• Health and safety – Using a modern, remote cleaning system means that we avoid any dangerous repercussions that other methods, such as manual cleaning, can pose. Our modern and cutting-edge equipment means that our services are efficient and safe.
  • Environmental – Ventilation system blockages, buildup of dirt and airborne particles cause your ventilation systems to function at a reduced capacity. In turn, this causes the system to use more energy – effectively burning more of your money. Primasonics Acoustic Cleaners is a far more cost-effective way to keep your ventilation system clean and running efficiently.
  • Reach – The relatively non-directional nature of sound waves minimizes ash and particulate accumulation in “blind spots”, where mechanical cleaning devices such as soot blowers and rapping systems cannot always reach.

How often should ductwork systems be cleaned?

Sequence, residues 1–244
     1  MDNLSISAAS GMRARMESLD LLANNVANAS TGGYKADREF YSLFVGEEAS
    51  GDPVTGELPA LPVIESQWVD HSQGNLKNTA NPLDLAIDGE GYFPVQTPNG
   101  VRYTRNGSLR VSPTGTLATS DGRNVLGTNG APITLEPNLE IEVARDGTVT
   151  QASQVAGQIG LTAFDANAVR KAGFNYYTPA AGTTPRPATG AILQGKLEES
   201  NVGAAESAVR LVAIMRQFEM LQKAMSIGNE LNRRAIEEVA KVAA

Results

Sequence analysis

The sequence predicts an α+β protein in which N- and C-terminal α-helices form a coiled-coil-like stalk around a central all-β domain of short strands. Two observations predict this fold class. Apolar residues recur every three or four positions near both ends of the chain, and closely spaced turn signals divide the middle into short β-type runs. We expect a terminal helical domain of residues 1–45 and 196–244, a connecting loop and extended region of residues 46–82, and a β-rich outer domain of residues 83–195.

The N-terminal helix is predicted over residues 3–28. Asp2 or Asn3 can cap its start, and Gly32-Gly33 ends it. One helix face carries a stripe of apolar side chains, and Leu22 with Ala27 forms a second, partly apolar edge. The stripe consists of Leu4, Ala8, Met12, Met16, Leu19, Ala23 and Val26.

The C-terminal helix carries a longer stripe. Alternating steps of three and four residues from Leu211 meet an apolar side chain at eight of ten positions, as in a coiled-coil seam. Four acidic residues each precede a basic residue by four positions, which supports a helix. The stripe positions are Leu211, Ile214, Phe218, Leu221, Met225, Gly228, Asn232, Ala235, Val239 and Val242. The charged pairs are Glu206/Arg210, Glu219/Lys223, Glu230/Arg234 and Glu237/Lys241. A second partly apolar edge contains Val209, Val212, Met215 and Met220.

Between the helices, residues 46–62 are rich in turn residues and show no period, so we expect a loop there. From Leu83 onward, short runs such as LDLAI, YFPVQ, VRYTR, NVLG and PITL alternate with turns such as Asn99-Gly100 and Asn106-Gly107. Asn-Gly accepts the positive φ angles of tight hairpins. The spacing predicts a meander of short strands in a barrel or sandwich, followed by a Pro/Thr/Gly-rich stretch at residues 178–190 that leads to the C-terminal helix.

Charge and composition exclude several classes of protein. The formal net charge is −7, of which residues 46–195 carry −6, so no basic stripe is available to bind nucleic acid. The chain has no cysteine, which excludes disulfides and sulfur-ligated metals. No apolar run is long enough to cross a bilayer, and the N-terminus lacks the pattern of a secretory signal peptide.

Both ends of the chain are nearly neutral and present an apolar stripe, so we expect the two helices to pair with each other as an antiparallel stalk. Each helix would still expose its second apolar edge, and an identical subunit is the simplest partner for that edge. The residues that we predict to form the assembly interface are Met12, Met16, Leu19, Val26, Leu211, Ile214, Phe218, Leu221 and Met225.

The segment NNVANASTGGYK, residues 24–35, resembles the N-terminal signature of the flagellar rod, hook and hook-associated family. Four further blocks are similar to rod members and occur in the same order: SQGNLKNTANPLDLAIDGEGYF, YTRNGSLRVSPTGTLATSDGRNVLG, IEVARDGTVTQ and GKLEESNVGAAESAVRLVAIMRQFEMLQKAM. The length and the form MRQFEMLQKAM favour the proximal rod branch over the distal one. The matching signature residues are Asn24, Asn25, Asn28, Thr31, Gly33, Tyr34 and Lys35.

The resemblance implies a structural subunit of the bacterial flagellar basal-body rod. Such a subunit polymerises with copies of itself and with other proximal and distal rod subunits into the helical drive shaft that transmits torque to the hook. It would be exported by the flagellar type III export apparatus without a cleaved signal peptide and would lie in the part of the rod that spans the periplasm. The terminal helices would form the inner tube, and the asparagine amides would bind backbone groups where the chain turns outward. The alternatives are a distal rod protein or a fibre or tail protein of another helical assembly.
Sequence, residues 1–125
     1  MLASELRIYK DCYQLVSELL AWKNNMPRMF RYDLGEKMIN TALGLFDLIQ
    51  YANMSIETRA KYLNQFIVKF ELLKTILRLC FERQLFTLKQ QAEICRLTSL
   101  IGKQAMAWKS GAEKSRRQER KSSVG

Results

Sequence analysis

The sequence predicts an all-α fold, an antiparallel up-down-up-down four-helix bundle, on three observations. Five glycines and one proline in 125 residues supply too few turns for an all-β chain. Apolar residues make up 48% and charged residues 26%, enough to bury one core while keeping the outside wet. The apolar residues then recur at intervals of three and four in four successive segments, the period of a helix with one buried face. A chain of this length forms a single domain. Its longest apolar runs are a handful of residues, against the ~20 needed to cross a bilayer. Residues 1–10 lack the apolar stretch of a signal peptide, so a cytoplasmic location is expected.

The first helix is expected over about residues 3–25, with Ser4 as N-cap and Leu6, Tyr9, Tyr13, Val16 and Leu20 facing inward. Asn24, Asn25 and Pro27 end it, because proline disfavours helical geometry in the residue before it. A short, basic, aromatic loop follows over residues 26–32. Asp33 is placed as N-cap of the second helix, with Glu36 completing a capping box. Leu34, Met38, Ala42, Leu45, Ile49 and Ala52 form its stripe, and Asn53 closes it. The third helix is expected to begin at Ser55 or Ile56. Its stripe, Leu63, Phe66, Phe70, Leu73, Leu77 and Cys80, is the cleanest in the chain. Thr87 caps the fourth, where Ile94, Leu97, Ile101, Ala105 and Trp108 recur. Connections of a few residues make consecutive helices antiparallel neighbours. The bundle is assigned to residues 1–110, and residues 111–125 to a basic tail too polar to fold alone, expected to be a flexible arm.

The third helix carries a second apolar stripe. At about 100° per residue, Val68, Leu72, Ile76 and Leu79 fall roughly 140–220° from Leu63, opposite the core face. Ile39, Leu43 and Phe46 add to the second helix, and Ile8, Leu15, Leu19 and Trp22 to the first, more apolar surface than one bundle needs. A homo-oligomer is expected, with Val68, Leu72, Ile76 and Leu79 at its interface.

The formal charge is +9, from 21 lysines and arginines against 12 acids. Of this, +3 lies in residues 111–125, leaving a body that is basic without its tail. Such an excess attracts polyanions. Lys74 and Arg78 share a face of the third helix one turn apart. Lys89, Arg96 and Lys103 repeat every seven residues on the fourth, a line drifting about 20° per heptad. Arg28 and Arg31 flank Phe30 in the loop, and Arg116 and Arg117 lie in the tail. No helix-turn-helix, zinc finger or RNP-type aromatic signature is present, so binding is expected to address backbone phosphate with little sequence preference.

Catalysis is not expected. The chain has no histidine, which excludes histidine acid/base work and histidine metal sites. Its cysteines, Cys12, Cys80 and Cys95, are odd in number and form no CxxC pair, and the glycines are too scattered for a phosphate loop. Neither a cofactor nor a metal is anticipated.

It’s a legal duty to provide a safe and healthy working environment and that includes managing ventilation systems and adhering to industry standards. The default requirement for cleaning a ductwork system is two years. However, some industries or buildings may need more frequent maintenance, for instance:

  • Heavily used buildings
  • Buildings which generate greater quantities of dust (e.g. factories, clothing stores).
  • Buildings which are exposed to greater quantities of outside pollution (e.g. in city centres, next to motorways or next to industrial sites).
  • Buildings which need cleaner than average air or where risk to occupants is higher (e.g. computer data centres, hospitals, nursing homes).